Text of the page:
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Eye of the Needle

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Storm Island, first editionFirst edition
Ken Follett
Publication details ▽ Publication details △

Original Title
Storm Island

First book publication
1978, Britain

Literature form

Thriller, espionage

Writing language

Author's country

approx. 102,000 words

Notable lines

Early in 1944 German Intelligence was piecing together evidence of a huge army in southeastern England.

— First line, Preface

It was the coldest winter for forty-five years. Villages in the English countryside were cut off by the snow, and the Thames froze over. One day in January the Glasgow to London train arrived at Euston twenty-four hours late. The snow and the blackout combined to make motoring perilous: road accidents doubled, and people told jokes about how it was more risky to drive an Austin Seven along Piccadilly at night than to take a tank across the Siegfried Line.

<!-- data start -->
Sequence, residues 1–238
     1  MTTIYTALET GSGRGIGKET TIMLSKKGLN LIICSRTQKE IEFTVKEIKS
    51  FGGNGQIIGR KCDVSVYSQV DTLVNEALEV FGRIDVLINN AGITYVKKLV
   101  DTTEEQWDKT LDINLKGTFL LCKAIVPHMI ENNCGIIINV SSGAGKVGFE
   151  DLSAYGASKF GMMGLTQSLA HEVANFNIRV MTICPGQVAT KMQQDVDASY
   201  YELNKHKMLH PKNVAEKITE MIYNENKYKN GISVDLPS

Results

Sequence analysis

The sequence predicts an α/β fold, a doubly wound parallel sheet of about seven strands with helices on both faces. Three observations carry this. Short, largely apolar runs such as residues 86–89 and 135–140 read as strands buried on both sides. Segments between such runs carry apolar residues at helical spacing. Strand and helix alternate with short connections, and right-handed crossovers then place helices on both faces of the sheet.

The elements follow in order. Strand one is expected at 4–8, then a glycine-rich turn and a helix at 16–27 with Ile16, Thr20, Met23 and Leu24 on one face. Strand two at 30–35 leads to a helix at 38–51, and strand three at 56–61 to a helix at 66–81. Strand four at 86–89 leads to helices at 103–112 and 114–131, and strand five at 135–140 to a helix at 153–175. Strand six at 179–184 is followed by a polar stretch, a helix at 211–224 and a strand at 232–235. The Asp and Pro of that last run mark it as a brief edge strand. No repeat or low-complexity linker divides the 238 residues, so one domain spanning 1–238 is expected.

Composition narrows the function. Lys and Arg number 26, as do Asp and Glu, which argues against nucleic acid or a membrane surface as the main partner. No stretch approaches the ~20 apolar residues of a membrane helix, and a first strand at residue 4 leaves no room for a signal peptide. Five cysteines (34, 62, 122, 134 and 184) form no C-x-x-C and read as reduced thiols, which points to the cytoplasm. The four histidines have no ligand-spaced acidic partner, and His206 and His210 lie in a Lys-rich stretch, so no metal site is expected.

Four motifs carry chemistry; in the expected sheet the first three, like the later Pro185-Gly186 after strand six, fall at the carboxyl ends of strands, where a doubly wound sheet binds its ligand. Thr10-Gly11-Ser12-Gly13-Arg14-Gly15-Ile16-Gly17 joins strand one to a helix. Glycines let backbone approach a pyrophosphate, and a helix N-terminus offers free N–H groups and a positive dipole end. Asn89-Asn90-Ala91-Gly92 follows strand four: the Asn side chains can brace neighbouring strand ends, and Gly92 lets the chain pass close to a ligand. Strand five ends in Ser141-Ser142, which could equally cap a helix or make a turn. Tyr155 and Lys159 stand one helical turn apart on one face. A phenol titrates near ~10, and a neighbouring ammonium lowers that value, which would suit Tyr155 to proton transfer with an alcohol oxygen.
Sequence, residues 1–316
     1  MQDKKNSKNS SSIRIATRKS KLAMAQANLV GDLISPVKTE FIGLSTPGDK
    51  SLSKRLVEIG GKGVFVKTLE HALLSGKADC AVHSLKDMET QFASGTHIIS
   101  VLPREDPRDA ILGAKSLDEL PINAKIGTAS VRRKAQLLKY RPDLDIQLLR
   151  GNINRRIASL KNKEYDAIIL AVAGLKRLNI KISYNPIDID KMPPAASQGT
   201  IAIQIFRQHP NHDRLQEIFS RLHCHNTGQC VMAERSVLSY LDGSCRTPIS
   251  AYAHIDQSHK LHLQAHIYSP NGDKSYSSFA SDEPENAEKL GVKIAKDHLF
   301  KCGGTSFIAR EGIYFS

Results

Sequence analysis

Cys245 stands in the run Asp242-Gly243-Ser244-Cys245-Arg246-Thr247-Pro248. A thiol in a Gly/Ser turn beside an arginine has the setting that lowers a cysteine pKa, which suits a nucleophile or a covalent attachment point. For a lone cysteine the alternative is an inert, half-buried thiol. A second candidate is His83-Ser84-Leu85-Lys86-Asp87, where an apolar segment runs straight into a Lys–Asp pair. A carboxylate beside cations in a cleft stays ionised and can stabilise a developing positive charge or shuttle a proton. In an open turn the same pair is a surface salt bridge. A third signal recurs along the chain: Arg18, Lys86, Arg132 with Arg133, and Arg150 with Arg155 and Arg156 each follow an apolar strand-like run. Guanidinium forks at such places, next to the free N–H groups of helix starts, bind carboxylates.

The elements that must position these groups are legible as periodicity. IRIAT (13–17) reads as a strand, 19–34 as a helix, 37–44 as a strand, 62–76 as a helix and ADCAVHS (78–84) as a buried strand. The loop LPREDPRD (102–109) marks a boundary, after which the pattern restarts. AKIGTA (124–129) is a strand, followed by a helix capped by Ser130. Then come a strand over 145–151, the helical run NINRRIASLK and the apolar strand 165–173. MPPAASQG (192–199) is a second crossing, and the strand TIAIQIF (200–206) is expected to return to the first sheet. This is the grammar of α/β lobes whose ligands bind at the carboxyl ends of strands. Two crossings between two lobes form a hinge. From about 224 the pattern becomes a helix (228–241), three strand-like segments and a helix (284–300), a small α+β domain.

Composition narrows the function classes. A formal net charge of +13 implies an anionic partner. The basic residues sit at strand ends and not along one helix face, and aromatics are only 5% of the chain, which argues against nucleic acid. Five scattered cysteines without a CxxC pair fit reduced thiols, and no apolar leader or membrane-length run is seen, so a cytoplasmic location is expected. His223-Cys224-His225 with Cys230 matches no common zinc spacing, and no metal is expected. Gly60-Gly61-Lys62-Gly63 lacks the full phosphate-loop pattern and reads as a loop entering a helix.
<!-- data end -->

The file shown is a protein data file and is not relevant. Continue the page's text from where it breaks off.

— First lines, Chapter 1

He had never thought of anywhere as home.
He would always think of this as the place where he had learned to put a bolt on a door.


Most spies were amateurs: frustrated revolutionaries of the left or right, people who wanted the imaginary glamour of espionage, greedy men or lovesick women or blackmail victims. The few professionals were very dangerous indeed; they were not merciful men.


She opened her eyes again once, before she died, and said, "You'll have to win the war without me, kiddo.


This is a hard place. Only hard things survive here: hard rock, coarse grass, tough sheep, savage birds, sturdy houses and strong men. It is for places like this that the word "bleak" has been invented.


"I haven't had the opportunity to discover the merits of monogamy."


The conclusion came first, like a punch in the stomach, winding her; the reasons followed a split-second later. The shipwreck, the odd-shaped knife he was so attached to, the crashed jeep, the news bulletin about the London stiletto murderer—suddenly everything fitted together, a box of jigsaw pieces thrown in the air and landing, improbably, fully assembled.


Those eyes looked back at him now, and they were both wee very still, remembering.
Until David jumped off his grandpa's lap and knocked his cup of tea to the floor and the spell was broken.

— Last lines


Critique • Quotes • At the movies

See also:

The Thirty-Nine Steps

Gorky Park

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